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Metalsmithing 101: Dapping

Learn more about this process of forming metal sheet by hammering. The process is easy to do with just a few basic implements. 
Dapping Everything you need
One of the simplest ways to transform metal sheet into a volumetric shape is to dome it. Goldsmiths call this process dapping. Silversmiths call it sinking. In either case, it refers to forming metal sheet by hammering, and the process is easy to do with just a few basic implements.

Dapping usually involves sinking flat metal into a depression in a wood or metal block to create a dish shape. In large-scale work, the metal is often formed into a depression with a rounded face of a hammer or mallet. For jewelry-scale work, forming is usually done with a dapping block, a hammer, and punches.

The standard shape for blocks used for dapping small to medium objects is a cube, with various sizes of round, concave depressions on all six sides. For medium and large objects, dapping blocks are usually flat, with graduated round, concave depressions. 

The most common and least expensive dapping tools are wood blocks and punches. You can buy these ready-made and nicely finished, but you can also make your own punches from hardwood dowels. You can also fashion a tree stump or scrap lumber into a basic dapping block by gouging a depression in the surface and smoothing it into a concave shape. 

Steel dapping blocks and punches are widely used. Steel blocks are most often used with corresponding round punches. Sets of graduated, highly polished metal punches range from professional-quality to less expensive options. If you’re buying an inexpensive set, check each punch closely; the shape and finish of an economy punch may be less than perfect. The shape and depth of the hemispheres in metal blocks vary; older versions often have deeper depressions than modern blocks. The more expensive blocks generally have deeper depressions.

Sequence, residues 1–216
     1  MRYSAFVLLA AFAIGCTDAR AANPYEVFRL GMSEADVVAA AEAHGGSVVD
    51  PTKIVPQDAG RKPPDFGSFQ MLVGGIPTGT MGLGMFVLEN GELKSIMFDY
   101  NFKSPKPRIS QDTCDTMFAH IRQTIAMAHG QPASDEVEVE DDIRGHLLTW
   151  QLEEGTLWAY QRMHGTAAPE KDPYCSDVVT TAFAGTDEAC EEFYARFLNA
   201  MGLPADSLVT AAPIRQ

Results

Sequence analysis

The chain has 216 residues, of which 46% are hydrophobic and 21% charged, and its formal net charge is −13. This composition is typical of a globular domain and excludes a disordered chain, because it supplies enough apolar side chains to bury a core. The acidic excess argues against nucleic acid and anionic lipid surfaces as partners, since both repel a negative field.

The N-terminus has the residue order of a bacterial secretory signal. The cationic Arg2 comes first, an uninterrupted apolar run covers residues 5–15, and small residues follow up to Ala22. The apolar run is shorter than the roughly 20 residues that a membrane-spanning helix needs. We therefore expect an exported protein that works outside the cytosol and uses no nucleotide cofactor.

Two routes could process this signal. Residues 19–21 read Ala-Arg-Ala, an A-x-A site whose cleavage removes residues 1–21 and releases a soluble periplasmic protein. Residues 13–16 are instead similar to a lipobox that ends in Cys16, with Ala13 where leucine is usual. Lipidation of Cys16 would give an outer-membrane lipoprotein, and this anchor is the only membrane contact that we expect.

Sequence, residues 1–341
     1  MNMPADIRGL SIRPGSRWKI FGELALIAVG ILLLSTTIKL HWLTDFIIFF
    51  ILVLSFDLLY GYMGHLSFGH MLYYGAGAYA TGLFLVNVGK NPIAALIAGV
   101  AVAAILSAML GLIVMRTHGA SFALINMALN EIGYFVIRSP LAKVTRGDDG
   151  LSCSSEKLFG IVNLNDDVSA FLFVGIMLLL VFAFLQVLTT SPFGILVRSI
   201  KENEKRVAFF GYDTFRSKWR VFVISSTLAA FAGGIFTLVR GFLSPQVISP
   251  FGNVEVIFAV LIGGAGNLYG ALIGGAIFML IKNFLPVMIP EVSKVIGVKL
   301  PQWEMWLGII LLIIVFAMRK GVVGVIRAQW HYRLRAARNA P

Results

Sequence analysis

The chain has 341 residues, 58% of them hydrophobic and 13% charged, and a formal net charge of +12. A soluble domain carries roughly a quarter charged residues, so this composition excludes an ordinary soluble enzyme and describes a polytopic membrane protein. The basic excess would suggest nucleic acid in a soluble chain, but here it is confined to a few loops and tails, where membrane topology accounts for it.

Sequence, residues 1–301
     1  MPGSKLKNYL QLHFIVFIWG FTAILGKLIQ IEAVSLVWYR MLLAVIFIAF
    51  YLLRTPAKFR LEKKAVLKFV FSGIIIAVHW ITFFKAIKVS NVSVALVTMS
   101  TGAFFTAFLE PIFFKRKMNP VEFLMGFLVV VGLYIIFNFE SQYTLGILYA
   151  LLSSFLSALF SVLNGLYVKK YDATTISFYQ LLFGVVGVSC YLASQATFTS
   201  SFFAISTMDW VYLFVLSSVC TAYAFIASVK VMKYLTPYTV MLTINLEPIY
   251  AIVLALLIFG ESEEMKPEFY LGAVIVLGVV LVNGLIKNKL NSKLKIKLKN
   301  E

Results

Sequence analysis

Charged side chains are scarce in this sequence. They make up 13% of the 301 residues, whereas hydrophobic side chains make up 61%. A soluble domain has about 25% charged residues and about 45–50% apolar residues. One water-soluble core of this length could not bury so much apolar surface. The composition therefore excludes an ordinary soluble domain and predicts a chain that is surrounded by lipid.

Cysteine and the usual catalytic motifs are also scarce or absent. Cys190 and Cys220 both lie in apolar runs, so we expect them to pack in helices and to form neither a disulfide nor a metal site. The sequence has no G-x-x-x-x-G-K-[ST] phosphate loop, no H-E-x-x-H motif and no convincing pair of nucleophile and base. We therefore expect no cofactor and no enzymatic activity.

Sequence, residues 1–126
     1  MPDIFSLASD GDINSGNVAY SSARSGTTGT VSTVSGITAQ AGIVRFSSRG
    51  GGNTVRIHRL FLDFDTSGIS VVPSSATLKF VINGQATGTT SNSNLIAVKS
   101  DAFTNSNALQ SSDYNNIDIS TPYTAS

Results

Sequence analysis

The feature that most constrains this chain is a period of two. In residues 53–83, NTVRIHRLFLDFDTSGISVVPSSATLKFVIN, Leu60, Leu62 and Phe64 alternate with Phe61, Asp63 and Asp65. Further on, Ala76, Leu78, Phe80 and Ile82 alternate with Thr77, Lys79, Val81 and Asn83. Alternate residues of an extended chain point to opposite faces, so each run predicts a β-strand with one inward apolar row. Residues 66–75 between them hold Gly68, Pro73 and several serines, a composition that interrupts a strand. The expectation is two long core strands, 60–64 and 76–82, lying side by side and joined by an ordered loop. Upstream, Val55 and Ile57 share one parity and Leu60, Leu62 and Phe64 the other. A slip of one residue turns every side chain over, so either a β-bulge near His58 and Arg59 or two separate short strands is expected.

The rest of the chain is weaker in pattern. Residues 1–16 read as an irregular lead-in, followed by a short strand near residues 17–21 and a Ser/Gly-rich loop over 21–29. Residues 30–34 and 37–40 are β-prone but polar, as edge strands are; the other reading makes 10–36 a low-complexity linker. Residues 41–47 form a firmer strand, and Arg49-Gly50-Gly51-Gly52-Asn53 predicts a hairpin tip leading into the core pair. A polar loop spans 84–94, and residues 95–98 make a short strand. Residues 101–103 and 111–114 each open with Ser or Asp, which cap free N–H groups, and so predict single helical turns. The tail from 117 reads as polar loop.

You can use many types of hammers or mallets to strike punches. I favor a weighty chasing hammer for its solid impact — after all, this is what chasing hammers are designed for! If you’re using wood blocks and punches, you can use a mallet instead of a chasing hammer. A weighted, deadblow mallet has the edge over a rawhide or plastic mallet; using a striking tool that’s too light will cause you to swing the tool with a heavier hand, which doesn’t improve aim or accuracy. I prefer to use a chasing hammer regardless of which dapping tools I’m using.

To dap metal sheet, you’ll use punches to hammer the sheet into a succession of depressions in your dapping block, forcing the sheet into smaller and smaller depressions until it becomes a domed hemisphere that’s the desired final size. You can complete this process using as few as three to four depressions. The dome’s surface will be smooth and even. 

The efficacy and result of the dapping process is affected by which tools you use: metal, wood, or a combination of both. Using a steel block and steel punch together is the most efficient forming method. If you need precise, perfectly domed hemispheres (say, if you’re making hollow beads), this is a reliable approach to forming halves of a sphere. 

The steel-on-steel combination has a downside: It will also thin and stretch the metal. As the metal is forced into a contour between the steel tools, it also work-hardens. Depending on the type and thickness of metal, you may have to anneal your dome occasionally. 

You can use wood punches with either a steel or wood block to form a smooth dome without thinning the metal or marring its surface. The wood-on-wood combination takes more time and a slightly different approach. Wood punches aren’t generally available in the same variety of evenly graduated shapes as steel punches. Also, wood punches are usually less domed than steel punches, and the depressions in wood blocks are generally shallower than those in metal blocks.

To dome a disk, first determine the appropriate size of your disk blank. Start with prebought disks, or cut them yourself using a jeweler’s saw or disk cutter.